The Disaster at an Egyptian Church Is a Symptom of Systemic Persecution—and a Country in Decline

August 22, 2022 | Samuel Tadros
About the author: Samuel Tadros is a senior fellow at the Hudson Institute’s Center for Religious Freedom and a distinguished visiting fellow in Middle Eastern studies at the Hoover Institution.

Although Egypt’s Coptic Christians have been subject to numerous violent attacks by Islamist groups in recent years, it remains unclear whether the recent fire at a church outside Cairo was the result of arson or merely an accident. Samuel Tadros argues, however, that the conflagration—which left 41 dead, including eighteen children—was in either case a consequence of discriminatory legislation, and of Egypt’s disfunction more broadly.

Since 1938, the Egyptian regime had controlled the building of churches in the country through a set of laws and regulations that after a long process required the personal approval of Egypt’s ruler not just for every new church building but even for renovations, building bathrooms, or even repainting of old churches. During Hosni Mubarak’s 30-year rule, Copts were lucky if they received ten new permits per year for both new churches and renovations.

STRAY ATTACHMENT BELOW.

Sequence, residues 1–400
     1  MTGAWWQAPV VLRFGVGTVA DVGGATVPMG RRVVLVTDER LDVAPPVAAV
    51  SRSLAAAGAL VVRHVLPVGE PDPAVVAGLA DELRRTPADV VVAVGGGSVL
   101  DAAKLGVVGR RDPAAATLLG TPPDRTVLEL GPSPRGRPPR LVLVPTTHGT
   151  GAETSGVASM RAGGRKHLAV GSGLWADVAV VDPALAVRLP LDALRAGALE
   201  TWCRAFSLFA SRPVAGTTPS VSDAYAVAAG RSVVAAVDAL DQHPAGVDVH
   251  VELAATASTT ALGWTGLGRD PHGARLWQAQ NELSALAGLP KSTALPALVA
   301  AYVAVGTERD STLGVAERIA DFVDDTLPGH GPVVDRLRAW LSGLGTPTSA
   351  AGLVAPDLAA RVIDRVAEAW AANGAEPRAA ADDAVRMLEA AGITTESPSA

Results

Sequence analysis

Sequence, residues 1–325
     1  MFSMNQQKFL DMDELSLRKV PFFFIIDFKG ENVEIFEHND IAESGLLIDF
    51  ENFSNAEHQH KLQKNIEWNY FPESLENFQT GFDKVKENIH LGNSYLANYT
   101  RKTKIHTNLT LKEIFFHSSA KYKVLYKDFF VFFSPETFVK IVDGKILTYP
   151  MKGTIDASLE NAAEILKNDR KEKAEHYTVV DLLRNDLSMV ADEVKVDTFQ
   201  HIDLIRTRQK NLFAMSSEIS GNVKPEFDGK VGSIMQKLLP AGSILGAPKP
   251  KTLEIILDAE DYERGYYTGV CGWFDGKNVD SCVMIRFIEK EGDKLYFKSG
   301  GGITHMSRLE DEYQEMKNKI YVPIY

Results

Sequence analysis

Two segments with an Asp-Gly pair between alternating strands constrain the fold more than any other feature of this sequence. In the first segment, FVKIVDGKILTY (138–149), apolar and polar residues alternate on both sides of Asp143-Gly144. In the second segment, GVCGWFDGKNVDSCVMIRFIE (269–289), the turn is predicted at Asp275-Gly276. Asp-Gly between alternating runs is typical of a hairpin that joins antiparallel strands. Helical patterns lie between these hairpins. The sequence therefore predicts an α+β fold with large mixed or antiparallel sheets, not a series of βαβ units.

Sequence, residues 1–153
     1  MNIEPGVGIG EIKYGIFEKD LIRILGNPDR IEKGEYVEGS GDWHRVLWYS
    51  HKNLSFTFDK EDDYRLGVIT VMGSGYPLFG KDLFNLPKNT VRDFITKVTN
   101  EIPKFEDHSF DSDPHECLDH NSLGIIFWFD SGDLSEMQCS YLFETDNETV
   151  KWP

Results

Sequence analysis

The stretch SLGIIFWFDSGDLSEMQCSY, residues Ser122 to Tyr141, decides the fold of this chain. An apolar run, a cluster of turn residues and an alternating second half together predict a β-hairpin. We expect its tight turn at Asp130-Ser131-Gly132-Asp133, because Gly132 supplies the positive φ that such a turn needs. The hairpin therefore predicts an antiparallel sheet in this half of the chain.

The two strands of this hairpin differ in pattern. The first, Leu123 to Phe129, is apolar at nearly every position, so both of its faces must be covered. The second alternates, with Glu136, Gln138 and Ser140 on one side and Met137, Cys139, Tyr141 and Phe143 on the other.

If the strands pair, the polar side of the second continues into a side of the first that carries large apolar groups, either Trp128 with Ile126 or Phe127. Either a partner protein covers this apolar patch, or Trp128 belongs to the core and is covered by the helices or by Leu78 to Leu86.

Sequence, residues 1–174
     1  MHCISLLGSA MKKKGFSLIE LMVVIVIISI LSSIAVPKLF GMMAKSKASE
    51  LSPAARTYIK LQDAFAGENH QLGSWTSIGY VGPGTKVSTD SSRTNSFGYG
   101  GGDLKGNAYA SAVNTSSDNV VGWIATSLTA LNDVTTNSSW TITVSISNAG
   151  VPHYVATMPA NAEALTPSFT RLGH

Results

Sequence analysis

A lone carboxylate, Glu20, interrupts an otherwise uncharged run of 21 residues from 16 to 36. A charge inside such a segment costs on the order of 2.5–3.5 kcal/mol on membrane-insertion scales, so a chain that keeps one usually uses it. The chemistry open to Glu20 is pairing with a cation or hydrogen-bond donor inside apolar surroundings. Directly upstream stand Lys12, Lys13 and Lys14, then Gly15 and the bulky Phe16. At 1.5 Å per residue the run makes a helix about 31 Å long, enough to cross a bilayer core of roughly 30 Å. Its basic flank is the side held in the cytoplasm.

Faced with this grim reality, Copts resorted to the only way possible for them to have places of worship; they built churches illegally. . . . The buildings never had any safety measures and would never get any zoning approval from any regulatory authority, but they were the only option Copts had.

The reality is that the fire and deaths is the perfect illustration not just of the Coptic tragedy but of Egypt’s as a whole. One could start with the fact that firefighters arrived . . . an hour and a half late, despite their station being close by, and blame their slow response for the deaths, but in truth firefighters in Egypt have very little equipment or training to deal with such events.

The . . . collapse of Egypt’s fortunes since 1952 has been mirrored among its Copts. The country that once led the Middle East in modernization is today dependent on foreign handouts for its survival. The Cairo of literary giants and glamorous movies that were read and watched by every Arabic speaker in the Middle East hardly produces anything of cultural significance today. It is a country from which over a million Copts have migrated pursuing economic opportunities and religious freedom in the West. Or perhaps it is the reverse. A country that has been kicking out its minorities—from the Jews, Italians, and Greeks in the 1950s to the Copts today—is simply bound to decline and to meet repeated tragedy.

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